I am an associate professor of history and African American studies at Valdosta State University in Georgia, USA, the author of the recent The Grapevine of the Black South: The Scott Newspaper Syndicate In the Generation Before the Civil Rights Movement (Georgia, 2018). My book Jim Crow’s Last Stand: Nonunanimous Criminal Jury Verdicts In Louisiana (LSU, 2015) helped spark a movement that constitutionally overturned the state’s nonunanimous jury law. A second edition appeared this fall. While this work has been an important part of my professional life, my personal life has long been devoted to helping animals, and here at Exeter I am working to merge my vocation and avocation by turning my research focus to animal studies.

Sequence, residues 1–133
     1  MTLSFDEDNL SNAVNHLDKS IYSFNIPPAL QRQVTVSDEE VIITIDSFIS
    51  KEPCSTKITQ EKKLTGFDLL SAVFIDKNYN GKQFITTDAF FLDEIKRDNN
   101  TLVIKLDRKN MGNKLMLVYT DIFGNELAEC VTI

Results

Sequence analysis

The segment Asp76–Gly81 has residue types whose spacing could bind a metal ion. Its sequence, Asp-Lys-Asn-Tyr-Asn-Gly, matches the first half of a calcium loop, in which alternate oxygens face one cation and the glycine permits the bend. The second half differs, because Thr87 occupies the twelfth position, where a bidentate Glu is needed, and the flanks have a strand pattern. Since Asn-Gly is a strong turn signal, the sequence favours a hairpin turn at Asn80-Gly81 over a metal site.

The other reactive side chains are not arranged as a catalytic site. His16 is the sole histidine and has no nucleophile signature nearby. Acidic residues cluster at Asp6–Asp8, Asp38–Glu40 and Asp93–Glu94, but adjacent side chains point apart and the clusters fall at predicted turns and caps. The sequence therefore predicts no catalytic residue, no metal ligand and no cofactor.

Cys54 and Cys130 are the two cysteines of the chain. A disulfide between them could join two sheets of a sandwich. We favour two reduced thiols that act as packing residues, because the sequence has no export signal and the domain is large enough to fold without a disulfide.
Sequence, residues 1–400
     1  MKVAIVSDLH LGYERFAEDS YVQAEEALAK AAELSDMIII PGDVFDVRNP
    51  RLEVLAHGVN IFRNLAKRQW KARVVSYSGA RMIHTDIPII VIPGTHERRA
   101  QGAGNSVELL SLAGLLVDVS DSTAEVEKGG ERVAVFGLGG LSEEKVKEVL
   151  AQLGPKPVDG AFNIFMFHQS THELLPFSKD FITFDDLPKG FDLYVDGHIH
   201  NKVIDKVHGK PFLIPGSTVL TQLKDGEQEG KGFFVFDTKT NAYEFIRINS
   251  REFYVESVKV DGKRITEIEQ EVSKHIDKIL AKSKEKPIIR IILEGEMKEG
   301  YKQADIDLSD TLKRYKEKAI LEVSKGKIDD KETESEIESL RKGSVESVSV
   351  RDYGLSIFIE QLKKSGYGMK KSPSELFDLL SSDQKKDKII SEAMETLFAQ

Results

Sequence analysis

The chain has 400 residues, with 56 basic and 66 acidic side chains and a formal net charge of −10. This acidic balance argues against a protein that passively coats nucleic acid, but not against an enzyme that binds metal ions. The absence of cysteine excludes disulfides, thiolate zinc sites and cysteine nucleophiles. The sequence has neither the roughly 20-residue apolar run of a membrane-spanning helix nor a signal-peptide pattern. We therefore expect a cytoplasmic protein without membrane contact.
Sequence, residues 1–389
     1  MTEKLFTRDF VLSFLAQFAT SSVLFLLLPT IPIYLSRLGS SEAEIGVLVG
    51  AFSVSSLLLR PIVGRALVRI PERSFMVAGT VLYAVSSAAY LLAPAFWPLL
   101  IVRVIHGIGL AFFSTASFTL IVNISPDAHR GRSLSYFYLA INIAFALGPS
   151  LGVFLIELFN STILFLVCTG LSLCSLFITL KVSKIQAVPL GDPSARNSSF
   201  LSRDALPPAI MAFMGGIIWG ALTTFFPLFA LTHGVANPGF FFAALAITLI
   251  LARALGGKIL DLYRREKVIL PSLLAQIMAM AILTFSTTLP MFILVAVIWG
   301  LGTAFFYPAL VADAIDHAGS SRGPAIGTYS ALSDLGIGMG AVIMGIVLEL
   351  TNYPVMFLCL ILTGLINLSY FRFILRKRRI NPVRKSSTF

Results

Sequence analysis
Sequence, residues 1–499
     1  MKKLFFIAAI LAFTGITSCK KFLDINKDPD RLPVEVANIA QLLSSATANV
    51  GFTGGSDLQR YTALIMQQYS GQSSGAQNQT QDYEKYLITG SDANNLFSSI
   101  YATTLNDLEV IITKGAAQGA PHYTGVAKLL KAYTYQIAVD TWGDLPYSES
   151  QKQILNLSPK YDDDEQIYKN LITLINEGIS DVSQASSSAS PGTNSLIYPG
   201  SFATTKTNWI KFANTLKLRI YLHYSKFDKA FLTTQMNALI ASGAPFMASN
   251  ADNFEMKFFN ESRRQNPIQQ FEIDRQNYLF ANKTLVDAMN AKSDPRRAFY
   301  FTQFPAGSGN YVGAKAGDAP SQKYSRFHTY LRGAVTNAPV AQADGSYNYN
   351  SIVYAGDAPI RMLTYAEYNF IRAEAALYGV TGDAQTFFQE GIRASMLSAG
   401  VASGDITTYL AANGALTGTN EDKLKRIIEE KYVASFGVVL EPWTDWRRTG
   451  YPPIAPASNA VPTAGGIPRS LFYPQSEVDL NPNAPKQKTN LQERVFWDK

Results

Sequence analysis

My project is a cultural history of twentieth century thought and actions related to animals in the United States. It will begin with an account of pseudoscientific creations of chains of being in the late-nineteenth century and conclude with an analysis of literary and filmed tropes of human-animal relationships in the late-twentieth, discussing the representational semiotics that shaped opinions (or an overt lack of thought entirely) about a variety of nonhuman animals, all of whom suffered as a consequence. Its goal is to reshape mainstream historical thinking about the American twentieth century to include animals.